If there’s one name in the Forza Racing Championship that feels like it came out of nowhere, it would be that of Gary “Mitch” Mitchell – or Williams Mitch as he’s known in the racing esports scene, a British driver who was inspired to begin competing in the Forza series of games following the release of Forza Motorsport 6. Whilst he began playing Forza Motorsport back in 2007 when Forza Motorsport 2 launched on Xbox 360, he decided to spend some time away from the franchise. It would ultimately be several years before he’d return to the Forza series and make an entrance into the competitive scene after stumbling upon a little YouTube channel known as YMTVRacing.
“Alie and Aaron’s content was really exciting to watch and provided me with the motivation I needed to return to Forza, to compete for the first time. I had always been a casual racer before, and ironically, I don’t think I’d be here now if it wasn’t for YMTV,” the British ForzaRC driver tells me.
Alie “Yaachts” Tacq and Aaron Martin “Mellish” Pilkington are both co-founders of YMTVRacing and have also made a name for themselves in the Forza Racing Championship as two of its leading talent faces. Alie sits on the casting desk to provide live race-by-race commentary, whilst Aaron offers a deep analysis with insights of each race following the on-track action. Despite their positions within the ForzaRC series, YMTVRacing continues to provide live commentated broadcasts of community racing events on the Forza franchise.
Whilst Mitch has rose to fame in the Forza esports scene, it wouldn’t be his first taste of virtual racing. The British driver experienced Gran Turismo 2 when he was just four years old. “I’ve always been somebody who plays a variety of different games series, racing games usually being at the forefront of which,” he says. Little did Mitch know back then that he’d become one of the leading and most recognized names in the Forza Racing Championship esports series. Despite the inaugural season of the ForzaRC beginning in 2016 before being followed with a Le Mans-themed competition in 2017, it wouldn’t be until 2018 when Mitch would make begin to showcase his racing ability in the official Microsoft esports competition.
This was Mitch’s first season of the Forza Racing Championship and it saw him battle it out for podium positions on the global stage in Seattle, Mexico City and London – the locations where Microsoft hosted its playoffs events and finale for the 2018 ForzaRC season. At all three of them, Mitch earned a third-place overall finish. This makes him one of the highest-winning competitors in the ForzaRC scene and the British forerunner in Microsoft’s racing esports series. Following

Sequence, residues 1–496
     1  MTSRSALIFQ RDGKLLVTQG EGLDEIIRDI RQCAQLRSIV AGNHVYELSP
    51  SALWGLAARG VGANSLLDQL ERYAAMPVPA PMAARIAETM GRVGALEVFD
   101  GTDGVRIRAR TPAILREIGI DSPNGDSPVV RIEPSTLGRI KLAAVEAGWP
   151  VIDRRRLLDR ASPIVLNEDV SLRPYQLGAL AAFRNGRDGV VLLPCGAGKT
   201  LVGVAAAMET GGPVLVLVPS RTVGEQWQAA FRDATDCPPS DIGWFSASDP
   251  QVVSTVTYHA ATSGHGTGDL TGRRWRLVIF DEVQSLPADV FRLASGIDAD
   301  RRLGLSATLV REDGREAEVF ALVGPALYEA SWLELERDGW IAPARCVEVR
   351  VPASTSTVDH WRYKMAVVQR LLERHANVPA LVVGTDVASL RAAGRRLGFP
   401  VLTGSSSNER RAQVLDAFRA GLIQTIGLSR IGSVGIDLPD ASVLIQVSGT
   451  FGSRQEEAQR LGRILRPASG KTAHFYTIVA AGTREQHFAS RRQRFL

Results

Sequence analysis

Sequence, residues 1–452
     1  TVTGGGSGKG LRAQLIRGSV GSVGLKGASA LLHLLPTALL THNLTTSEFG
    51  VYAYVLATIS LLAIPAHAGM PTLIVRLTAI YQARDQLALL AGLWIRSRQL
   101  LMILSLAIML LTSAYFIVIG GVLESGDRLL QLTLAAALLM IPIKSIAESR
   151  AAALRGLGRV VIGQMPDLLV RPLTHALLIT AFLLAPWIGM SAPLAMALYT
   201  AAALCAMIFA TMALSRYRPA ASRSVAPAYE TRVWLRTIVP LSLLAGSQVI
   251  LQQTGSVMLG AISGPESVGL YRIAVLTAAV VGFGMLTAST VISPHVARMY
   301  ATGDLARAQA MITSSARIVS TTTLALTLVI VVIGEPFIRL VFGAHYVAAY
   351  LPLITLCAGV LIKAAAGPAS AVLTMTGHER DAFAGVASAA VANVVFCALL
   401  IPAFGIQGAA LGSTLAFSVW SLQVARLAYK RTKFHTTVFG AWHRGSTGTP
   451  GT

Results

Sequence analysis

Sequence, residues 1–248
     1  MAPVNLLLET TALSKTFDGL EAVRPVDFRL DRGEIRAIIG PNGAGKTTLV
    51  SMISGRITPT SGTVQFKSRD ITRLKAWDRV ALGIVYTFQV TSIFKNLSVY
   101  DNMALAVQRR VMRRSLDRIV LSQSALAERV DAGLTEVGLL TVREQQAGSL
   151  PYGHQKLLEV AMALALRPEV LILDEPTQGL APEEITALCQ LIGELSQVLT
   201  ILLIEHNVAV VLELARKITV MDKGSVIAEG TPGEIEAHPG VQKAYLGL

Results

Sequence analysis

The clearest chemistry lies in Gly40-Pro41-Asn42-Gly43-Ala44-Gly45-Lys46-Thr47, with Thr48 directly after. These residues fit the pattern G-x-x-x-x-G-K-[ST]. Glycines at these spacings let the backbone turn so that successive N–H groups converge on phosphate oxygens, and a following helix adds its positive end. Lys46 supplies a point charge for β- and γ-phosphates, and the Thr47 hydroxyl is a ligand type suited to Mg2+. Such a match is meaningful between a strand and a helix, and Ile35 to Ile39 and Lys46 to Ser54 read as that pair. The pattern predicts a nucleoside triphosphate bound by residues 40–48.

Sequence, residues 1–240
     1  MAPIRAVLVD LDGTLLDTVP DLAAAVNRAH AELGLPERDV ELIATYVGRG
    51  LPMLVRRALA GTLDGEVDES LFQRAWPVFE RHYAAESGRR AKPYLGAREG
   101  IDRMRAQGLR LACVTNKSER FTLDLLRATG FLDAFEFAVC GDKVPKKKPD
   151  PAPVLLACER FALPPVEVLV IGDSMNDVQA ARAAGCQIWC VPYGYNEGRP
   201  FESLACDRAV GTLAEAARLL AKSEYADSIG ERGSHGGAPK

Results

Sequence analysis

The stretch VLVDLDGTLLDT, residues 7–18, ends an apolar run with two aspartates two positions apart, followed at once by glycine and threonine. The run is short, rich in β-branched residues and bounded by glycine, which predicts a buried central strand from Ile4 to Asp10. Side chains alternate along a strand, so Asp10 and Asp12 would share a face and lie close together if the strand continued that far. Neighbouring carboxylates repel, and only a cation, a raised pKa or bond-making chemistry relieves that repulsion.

his early success in Seattle, Mitch would be signed by Formula 1 team Williams,
leaving behind his former teammates at Japspeed Racing.
“I honestly never thought I’d be battling for podiums, especially in my first season of the Forza Racing Championship,” he explains. “Things started well for me when the season began, I was happy to finish mid-pack in the Showdown races. However, as I put in more time and effort, the more I got out in terms of results. I kept pushing myself to improve, working on my mistakes and improving on weaknesses. Players are criticised for putting in more time than perhaps other players, but in my opinion, it’s essential to success.”
Mitch’s efforts in the ForzaRC would see him on the podium alongside the two other main champions of the 2018 season – Aurélien “Laige” Mallet of G2 Esports and Robin “b0x” Betka of Noble Esports. Right now, they are the forerunners of competitive play on the Forza racing franchise and their success make them the highest-paid stars in the Forza scene. All three of them race on behalf of professional esports organizations – more of whom are now competing in the ForzaRC than ever before, which not only shows the overall continued growth and success in the racing esports scene, but also more interest and enthusiasm from larger team players such as G2, Noble and Veloce, as well as official Formula 1 teams like Sauber and Williams.
“Right now, I’d say we are arguably the strongest team. Collectively we had the most points earned for any team participating in the 2018 season – and this would have been reflected on the leaderboard if the team was already formed before the season started. I’m sure with all the potential roster/team changes next season, things may be different,” he says.
The 2018 season saw the formation of many new teams and rivalries, but it was also the longest and most extensive one yet in the history of the Forza Racing Championship. Mitch didn’t see the length of the season as an issue, however, but rather the number of combinations that had to be learned – with drivers requiring to master 17 different car and track combos for just one weekend of racing action.
“I don’t think the ForzaRC season was too long. I think the season had great longevity and was entertaining for the viewers week in, week out,” he tells me. “However, I do believe the content was too extensive for us drivers. Learning 17 different car/track combinations for a couple of hours of racing on one weekend, for us only to race just over half of all combinations we practiced became tedious very quickly. That said I’m not trying to criticise, the organisers put in a great deal of effort too, that was evident at every event; we can be thankful for that.”